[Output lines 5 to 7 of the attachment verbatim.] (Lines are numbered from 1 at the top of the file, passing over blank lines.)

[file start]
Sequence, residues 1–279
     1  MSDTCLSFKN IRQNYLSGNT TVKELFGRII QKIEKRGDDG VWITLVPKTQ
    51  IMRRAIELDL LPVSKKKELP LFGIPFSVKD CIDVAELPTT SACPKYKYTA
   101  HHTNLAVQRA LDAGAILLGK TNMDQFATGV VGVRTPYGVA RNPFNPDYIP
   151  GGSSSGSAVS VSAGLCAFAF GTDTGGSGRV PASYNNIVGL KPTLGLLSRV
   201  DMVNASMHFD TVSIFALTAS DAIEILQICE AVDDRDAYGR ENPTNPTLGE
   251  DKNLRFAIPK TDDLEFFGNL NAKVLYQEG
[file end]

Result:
   151  GGSSSGSAVS VSAGLCAFAF GTDTGGSGRV PASYNNIVGL KPTLGLLSRV
   201  DMVNASMHFD TVSIFALTAS DAIEILQICE AVDDRDAYGR ENPTNPTLGE
   251  DKNLRFAIPK TDDLEFFGNL NAKVLYQEG